"What goes up must come down."
When the airlines were hit with rising fuel costs, we certainly understood when they hiked up their prices. After all, fuel accounts for about a third of airline operating expenses. And we stood by as they used other means to offset the cost of fuel -- baggage fees, payment for food inflight ... even, in some cases, a charge for a pillow or blanket.
Now, as the price of oil is plummeting, the airlines are seeing a windfall that will result in record profits. But there's no talk of trimming fares. Instead, some carriers are talking about reconfiguring planes so they have more room for "premium" seats that give a few inches more legroom -- for a higher price, of course. That will also mean fewer coach seats, which will kick in another law -- the law of supply and demand -- resulting in higher fares for coach.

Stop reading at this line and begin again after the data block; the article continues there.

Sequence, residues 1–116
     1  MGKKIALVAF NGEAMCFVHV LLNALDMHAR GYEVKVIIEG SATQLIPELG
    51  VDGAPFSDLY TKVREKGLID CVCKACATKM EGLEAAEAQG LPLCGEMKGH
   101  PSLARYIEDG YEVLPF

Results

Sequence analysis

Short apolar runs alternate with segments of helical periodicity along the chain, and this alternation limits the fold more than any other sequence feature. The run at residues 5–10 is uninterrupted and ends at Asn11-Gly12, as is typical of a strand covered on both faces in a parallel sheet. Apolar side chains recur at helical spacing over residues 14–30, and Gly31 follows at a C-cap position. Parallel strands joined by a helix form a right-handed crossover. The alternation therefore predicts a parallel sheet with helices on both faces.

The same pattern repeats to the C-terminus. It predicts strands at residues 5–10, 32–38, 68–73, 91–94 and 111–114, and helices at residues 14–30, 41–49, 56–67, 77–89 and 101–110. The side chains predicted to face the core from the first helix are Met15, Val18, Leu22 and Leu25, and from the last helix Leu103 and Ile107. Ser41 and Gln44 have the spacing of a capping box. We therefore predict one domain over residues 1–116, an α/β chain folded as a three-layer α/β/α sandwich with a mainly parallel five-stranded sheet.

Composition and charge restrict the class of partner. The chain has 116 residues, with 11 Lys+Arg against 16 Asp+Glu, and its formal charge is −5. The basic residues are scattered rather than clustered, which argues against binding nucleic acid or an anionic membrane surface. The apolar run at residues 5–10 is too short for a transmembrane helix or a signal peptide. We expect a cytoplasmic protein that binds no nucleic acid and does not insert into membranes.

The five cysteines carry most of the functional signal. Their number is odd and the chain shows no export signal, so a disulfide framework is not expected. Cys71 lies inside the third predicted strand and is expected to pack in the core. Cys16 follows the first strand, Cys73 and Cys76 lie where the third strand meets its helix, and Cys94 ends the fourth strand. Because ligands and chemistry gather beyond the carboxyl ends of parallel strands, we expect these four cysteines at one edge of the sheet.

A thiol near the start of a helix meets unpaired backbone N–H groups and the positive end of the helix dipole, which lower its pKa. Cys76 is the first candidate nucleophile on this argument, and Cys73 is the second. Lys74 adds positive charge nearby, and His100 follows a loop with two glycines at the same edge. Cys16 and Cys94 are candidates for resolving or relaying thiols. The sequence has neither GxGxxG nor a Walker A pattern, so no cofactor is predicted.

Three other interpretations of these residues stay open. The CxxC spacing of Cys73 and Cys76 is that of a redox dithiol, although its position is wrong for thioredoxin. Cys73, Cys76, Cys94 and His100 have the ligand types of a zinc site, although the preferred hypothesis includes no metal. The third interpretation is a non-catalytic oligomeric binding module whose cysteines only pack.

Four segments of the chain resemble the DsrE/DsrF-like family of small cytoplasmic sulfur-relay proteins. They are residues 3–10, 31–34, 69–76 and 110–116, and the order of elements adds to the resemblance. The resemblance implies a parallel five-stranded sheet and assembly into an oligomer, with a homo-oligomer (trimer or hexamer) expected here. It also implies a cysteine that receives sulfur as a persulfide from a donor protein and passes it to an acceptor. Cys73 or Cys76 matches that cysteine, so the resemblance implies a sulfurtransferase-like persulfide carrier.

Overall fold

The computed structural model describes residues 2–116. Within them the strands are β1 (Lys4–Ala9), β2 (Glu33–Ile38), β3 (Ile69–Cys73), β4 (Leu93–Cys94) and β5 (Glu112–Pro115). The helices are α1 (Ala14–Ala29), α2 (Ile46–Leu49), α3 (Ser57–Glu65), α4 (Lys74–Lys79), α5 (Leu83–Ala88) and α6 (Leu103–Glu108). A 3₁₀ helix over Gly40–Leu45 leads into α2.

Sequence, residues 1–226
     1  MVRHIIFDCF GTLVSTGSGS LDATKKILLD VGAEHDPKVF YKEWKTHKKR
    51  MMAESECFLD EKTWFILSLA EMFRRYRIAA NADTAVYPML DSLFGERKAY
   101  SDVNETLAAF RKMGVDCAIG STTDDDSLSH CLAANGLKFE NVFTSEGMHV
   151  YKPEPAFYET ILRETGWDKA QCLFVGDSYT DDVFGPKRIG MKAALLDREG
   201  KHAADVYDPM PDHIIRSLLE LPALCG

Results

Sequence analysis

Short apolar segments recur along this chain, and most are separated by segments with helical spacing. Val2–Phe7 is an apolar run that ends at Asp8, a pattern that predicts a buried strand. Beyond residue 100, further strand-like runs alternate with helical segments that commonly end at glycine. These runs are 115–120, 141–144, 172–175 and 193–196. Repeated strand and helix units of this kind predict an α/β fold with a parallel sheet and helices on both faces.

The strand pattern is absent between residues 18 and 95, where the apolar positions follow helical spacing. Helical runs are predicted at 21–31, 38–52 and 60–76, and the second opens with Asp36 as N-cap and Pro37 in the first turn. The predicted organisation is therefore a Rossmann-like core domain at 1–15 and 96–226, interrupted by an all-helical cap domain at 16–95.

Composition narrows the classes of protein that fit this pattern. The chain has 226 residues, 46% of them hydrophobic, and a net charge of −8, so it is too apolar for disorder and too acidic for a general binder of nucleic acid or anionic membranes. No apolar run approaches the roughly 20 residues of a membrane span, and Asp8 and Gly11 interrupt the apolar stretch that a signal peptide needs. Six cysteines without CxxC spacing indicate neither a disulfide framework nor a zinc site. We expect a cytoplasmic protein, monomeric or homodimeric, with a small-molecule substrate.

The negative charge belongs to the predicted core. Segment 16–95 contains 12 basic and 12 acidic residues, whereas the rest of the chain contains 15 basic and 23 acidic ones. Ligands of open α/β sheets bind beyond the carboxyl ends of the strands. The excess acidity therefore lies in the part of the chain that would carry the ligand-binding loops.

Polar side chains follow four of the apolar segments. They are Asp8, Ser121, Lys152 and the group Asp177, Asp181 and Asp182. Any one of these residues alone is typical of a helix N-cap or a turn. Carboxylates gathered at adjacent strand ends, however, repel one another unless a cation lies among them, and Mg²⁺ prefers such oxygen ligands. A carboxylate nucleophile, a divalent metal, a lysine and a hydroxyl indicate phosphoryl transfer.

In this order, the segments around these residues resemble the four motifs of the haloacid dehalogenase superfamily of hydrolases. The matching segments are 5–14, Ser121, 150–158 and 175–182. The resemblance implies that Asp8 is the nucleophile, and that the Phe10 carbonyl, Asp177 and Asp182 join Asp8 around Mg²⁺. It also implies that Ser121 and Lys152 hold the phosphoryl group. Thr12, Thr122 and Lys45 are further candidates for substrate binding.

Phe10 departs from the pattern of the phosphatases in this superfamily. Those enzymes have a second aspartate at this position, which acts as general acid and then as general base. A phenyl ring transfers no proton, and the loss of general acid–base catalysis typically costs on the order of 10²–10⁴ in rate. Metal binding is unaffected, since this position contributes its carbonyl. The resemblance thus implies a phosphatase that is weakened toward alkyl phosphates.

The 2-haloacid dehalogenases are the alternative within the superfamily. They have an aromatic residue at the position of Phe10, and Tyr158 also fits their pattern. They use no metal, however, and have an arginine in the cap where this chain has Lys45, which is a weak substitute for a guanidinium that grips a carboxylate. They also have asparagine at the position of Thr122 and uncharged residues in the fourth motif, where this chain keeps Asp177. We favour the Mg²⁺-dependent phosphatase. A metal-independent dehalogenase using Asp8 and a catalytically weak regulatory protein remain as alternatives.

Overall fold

Delta, says a story in The New York Times, is predicting a profit of $5 billion next year, pushed up by an estimated fuel savings of $1.5 billion. The industry overall forecasts profits of $25 billion next year, up $5 billion from this year.
I don't hear Delta or anyone in the airline business talking about dropping the baggage fees. And they still have the nerve to charge from $100 to $200 to make a change in travel plans once you've purchased a ticket, even though you're not using the time of an airline employee as you make the changes yourself online. What a racket.
A price break in airfares or dropping the baggage fees would go a long way in building customer trust in the industry, which has fallen almost as fast as the price of oil. I'm not going to hold my breath on this one, though.